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Soft Benefit Over Utility for Rooftop Solar Power

Solar Power at the Utility scale provides the cheapest electricity in history. Even in the electricity market, however, the cheapest does not always imply the highest. Rooftop Solar Power has a number of significant advantages. It also doesn’t compete with utility-scale solar except in a few complex or policy-related ways. Rooftop solar power competes with grid-provided retail electricity rather than serving as a major new power source for a Utility or corporation.

However, if lawmakers want to incentivize or mandate renewable energy to deal with those social problems, they should think twice about whether or not rooftop Solar Power should be given extra weight. Any self-respecting policymaker should enjoy creating jobs — or, more precisely, policies that generate jobs.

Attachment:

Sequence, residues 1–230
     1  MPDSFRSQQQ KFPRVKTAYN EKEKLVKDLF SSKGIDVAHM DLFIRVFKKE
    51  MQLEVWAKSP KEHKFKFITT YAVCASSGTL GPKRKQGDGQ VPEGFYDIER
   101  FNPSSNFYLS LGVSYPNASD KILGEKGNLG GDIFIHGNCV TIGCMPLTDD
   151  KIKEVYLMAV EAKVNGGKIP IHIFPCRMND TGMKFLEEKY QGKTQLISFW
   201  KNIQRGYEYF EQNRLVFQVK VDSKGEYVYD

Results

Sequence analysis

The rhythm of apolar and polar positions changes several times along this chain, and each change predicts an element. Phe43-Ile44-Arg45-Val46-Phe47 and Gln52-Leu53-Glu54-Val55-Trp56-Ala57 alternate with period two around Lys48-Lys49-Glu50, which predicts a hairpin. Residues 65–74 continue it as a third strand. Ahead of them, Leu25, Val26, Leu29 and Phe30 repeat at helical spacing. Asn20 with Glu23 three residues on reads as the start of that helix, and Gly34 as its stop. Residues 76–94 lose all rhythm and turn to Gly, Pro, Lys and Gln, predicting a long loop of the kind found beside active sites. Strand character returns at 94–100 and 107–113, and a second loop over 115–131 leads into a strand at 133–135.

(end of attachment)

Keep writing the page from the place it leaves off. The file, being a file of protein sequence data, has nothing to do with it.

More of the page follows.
Rooftop solar power generates approximately 30 times more jobs per million dollars invested than utility-scale Solar Power, as John Farrell pointed out this week. Hundreds of thousands of new jobs could be created in an area. For rooftop solar versus other large-scale power ventures, the storey is close, if not better.

Furthermore, as we all know, rooftop systems are gradually being combined with home energy storage systems, resulting in even more job opportunities. Tesla, in reality, is now only installing solar panels with Powerwalls, as CEO Elon Musk recently said (energy storage systems). It no longer instals solar panels on their own. Given that Tesla is one of the country’s largest  installers and appears to sell the cheapest rooftop Solar Power systems (per watt), this will result in a lot of additional hardware installation — and thus additional employment.

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